How to protect yourself from identity theft
3 minute read
"Why would hackers be spying on me and stealing my data right now? They don't even know me, after all, I'm not an important person." Many users think this way, forgetting that everyone has sensitive personal data that fraudsters can use to cause a lot of damage.
Only spectacular cyber attacks on corporations or celebrities often make it into the press.
Many cybercriminals avoid the best-secured data of large organizations and prefer to look for vulnerable and poorly secured data of private individuals. And they are finding it.
Hackers often pick easy targets that they can successfully attack without much effort. Unsuspecting private individuals are now the majority of targets, and cybercriminals are globally organized and increasingly operate professionally. In Germany alone, the number of reported cybercrimes in 2022 was 108,474 - the number of unreported cases is probably much higher.
What many people do not know: The most popular merchandise in the so-called "underground economy" are digital identities of all kinds, for example account or credit card data, passwords, etc.
Because stolen digital identities are often the starting point for further crimes, and even seemingly unimportant personal data can be used to do many things: spread false information, buy products, commit credit and authority fraud, send blackmail emails, spy on relatives and friends, and much more.
Whether only a financial loss is inflicted or the entire reputation is damaged - it often costs several thousand euros and it can sometimes take months until the nightmare is over for the victim.
Preventing digital fraud and data abuse
The threat posed by cyberattacks remains at a high level and the intensity of recorded attacks is steadily increasing.
Therefore, protect your name and your money with some simple measures and make life more difficult for cyber criminals. Often, a single roadblock is enough to make fraudsters look for other easier targets - the more comprehensive your safeguards, the better.
These 5 measures have proven effective in protecting yourself from identity thieves:
1. Use a password manager
On average, every user has 50 to 70 different passwords - but many people use the same passwords for multiple accounts.
That's a mistake!
Cybercriminals can directly access multiple accounts with a single successful hack here. For this reason, use a password manager. With it, you can create secure and hard-to-decrypt passwords for each account. A password manager encrypts passwords and stores them in a secure virtual vault. Only the master password must be remembered and not stored on the device.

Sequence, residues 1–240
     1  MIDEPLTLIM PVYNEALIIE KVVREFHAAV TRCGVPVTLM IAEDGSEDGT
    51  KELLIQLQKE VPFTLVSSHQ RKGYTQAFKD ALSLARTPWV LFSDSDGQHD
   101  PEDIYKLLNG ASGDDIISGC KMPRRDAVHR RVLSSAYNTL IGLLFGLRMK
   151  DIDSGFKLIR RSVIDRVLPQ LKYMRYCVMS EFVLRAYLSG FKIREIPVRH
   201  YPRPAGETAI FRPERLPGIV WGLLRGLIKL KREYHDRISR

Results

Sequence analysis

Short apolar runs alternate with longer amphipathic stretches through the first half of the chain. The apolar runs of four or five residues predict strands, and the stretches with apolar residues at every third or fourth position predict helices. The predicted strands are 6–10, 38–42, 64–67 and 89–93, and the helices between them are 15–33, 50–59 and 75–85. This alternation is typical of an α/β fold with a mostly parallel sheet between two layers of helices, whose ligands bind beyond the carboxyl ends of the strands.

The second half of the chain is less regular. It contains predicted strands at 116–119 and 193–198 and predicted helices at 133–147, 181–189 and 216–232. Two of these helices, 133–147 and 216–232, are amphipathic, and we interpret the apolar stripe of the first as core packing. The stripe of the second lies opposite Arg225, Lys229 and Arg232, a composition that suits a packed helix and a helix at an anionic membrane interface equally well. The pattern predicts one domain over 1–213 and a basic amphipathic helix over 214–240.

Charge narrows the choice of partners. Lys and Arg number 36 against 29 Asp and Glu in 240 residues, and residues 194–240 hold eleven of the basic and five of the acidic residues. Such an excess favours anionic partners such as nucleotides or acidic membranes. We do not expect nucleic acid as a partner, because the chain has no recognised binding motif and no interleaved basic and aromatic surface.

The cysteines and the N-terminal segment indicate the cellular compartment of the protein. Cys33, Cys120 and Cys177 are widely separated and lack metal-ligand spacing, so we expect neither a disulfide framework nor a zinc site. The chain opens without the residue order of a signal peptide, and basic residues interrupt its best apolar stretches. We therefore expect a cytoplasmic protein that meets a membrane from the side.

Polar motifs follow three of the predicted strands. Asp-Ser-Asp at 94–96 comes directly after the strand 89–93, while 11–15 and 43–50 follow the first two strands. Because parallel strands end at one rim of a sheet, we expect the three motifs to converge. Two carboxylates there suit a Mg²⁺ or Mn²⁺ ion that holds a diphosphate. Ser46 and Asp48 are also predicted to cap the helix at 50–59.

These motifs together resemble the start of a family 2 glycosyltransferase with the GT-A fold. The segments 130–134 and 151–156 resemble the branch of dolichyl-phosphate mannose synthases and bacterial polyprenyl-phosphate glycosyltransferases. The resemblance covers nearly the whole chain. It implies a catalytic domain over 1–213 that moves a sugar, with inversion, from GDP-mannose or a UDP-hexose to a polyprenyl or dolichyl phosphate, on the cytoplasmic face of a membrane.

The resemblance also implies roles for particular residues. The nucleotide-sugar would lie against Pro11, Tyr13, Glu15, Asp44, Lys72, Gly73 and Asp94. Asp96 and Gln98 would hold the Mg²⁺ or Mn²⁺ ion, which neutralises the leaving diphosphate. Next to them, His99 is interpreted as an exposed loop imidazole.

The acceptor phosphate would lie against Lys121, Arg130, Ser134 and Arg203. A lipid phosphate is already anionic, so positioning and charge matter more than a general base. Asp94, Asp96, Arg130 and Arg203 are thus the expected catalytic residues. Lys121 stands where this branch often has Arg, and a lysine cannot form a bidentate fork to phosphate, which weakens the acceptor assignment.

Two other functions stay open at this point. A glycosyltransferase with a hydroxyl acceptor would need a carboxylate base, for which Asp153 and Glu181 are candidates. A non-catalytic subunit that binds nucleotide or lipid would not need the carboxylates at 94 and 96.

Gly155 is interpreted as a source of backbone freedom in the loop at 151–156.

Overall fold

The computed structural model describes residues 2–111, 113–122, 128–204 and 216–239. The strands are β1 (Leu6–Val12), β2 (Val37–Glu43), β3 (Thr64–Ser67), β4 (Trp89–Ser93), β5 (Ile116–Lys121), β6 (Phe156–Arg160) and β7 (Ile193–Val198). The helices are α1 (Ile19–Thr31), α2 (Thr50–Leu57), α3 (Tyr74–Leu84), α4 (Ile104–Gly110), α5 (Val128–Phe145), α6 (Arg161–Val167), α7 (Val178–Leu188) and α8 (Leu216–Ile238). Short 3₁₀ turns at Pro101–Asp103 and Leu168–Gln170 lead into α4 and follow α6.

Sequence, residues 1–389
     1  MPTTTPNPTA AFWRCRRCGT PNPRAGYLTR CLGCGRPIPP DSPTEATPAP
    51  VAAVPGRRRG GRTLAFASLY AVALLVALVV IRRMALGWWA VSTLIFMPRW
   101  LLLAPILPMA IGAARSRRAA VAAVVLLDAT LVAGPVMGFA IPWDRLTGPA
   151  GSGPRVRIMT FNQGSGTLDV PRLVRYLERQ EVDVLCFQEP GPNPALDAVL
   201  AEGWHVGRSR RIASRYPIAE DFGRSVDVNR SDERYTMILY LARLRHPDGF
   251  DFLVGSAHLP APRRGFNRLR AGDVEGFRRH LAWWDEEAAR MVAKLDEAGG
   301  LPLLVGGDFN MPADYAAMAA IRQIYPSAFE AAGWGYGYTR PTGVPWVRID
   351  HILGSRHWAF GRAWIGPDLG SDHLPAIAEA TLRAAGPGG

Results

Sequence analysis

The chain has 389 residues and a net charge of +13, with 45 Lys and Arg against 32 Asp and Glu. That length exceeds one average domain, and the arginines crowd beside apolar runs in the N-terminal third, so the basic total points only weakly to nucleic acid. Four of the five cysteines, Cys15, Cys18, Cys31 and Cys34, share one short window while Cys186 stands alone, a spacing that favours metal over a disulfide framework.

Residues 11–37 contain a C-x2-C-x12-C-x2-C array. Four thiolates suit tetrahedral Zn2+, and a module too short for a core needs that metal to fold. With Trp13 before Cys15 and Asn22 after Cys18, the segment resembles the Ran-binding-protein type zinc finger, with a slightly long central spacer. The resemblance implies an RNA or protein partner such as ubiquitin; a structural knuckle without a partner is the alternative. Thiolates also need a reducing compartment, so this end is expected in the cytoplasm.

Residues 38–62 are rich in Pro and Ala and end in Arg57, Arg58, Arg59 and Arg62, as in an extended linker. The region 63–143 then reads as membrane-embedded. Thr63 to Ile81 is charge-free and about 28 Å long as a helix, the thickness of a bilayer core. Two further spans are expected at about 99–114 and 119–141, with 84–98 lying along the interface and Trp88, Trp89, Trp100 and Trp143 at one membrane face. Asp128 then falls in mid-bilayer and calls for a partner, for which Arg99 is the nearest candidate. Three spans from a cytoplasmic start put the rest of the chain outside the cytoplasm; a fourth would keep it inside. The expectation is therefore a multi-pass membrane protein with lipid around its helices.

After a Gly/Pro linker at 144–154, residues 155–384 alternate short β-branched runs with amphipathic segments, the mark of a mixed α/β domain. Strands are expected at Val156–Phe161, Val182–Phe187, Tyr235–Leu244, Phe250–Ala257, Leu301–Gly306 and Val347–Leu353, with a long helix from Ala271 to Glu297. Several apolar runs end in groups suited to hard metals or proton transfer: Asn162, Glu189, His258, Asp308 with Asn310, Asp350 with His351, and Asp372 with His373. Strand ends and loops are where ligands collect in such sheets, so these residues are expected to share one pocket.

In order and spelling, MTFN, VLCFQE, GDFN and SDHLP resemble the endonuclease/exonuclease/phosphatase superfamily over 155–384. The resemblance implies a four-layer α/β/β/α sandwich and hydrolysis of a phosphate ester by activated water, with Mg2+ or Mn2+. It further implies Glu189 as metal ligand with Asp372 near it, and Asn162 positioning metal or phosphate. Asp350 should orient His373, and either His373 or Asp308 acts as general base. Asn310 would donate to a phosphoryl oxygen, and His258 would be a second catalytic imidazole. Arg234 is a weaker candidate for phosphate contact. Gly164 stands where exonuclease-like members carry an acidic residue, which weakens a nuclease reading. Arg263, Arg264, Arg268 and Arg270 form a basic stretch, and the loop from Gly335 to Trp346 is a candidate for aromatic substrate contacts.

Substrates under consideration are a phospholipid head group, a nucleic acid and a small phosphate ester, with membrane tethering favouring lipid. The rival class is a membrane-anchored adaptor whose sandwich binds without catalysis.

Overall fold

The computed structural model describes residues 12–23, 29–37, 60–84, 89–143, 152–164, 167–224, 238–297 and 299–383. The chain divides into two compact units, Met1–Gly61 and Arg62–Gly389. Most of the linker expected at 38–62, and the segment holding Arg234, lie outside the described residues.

As a general rule, create unique passwords and do not use common sequences of numbers or letters. References to your or relatives' dates of birth are also strictly taboo.
Never use previously used logins from one website or social media to log in to other websites or create an account.
If you don't use a password manager, then change passwords at regular intervals.
2. Use multi-factor authentication
Many users still shy away from multi-factor authentication because they think it is a hassle.
Usually, after entering a username and password, you have to enter an additional code that is sent to you via text message. Take advantage of this very effective extra layer of security with any account that allows this option - there are now many useful apps that make multi-factor authentication a no-brainer.
3. Only necessary sharing of personal data online
Online storage is convenient and usually very secure. However, only if you do not share your data with the whole world. Always think carefully about who should have access to what data.
Nothing makes you an easier target for identity thieves than a large amount of voluntarily disclosed personal information.
Delete personal data - such as date and place of birth, mother's maiden name, address, phone number, pet's name, hobbies, etc. from social networks.
Always use the strictest privacy settings and choose your "friends" with a lot of care, especially in case of unknown or duplicate friend requests.
Even if it's hard: resist quizzes or games on social media, because they usually only serve to collect personal data - often they advertise unrealistic prizes or do you know someone who has already won 20,000 Bitcoin?
Disable location detection and live location sharing, because criminals know so quickly where you are and exploit that.
4. Protect your data at home as well.
Home networks are often a major security risk because many users are careless when setting them up, feeling protected within their own four walls. While that may be true for real life when the apartment or front door is locked, it's not true online.
Always secure a wireless home network to the best of your ability by using strong passwords and set it to invisible. Only use IoT devices where you can change the password and manage security settings easily. Disable IoT devices if you are not going to use them for an extended period of time.
Dispose of old phones, laptops, and storage devices properly and never through household waste.
5. Protect your privacy in public.
Never use public wi-fi access in squares, trains, cafes or hotels for your online banking, shopping or medical and health-related services. Do not enter private information such as credit card numbers, date of birth, social security number or any membership numbers over a public network. I
On a public network, it is often very easy for cybercriminals to steal someone else's data.